Business

Ipswich company leading way with flight simulators

TAKING OFF: Christopher du Plessis from Geosim, an Ipswich-based company making flight simulators for defence and commercial training.
TAKING OFF: Christopher du Plessis from Geosim, an Ipswich-based company making flight simulators for defence and commercial training. Rob Williams

AN IPSWICH company is producing aircraft simulators to help train defence and civilian pilots across the world.

Geosim Technologies has kept a relatively low profile since going into business 11 years ago, despite the fact that it has produced some 72 fixed wing and chopper simulators that have been used as far afield as the Middle East.

Managing director Charles du Plessis said the company had its sights set on producing not only more advanced flight simulators, but also building a prototype car simulator to assist Queensland learner drivers.

"We started out with the idea that we just wanted to get people interested in aviation," Mr du Plessis said.

"We got Aviation Australia - a State Government initiative - involved early on and that gave us a really good kickstart."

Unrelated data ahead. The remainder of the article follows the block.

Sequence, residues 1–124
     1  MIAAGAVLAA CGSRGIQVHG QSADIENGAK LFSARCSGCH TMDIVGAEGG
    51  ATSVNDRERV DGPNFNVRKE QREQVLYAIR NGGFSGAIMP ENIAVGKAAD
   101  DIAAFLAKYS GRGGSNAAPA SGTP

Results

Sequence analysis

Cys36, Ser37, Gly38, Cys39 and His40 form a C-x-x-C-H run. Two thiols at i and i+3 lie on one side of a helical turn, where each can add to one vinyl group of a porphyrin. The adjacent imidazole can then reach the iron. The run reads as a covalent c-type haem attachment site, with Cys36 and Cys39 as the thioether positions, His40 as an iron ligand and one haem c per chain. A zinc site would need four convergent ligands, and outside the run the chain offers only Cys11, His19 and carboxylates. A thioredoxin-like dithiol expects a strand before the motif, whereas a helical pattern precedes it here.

Its wide range of clients now includes the Saudi National Guard and CHC Search and Rescue, as well as Griffith University.

Organisations that rely on regular pilot training can save thousands of dollars by using simulators over actual aircraft, and this is a market Mr du Plessis is tapping in on.

"For $90,000, which was the total cost of our AW139 simulator, we have created something with great realism, where the actual aircraft can go for millions," he said.

Among Geosim's chopper simulators are the AW139 - an Italian-built craft favoured for search and rescue and offshore oil rig transport - and the famous Bell 206.

The company is in talks with the Swiss and UAE defence forces, while also planning a car simulator prototype.

Engineer and designer Christopher du Plessis - son of Charles - said the AW139 and Bell 206 simulators were built with life-like cockpit dials and controls.

Most of the displays are designed and built in-house, while Geosim also employs a Raceview welding contractor to assist with the construction of the cockpit.

Part of the design includes the large dome screen, which encapsulates the pilot.

The graphics have geographical features that are so close to real that they enable a flight from Brisbane to Ipswich without the aid of the navigation equipment.

Topics:  flight simulators




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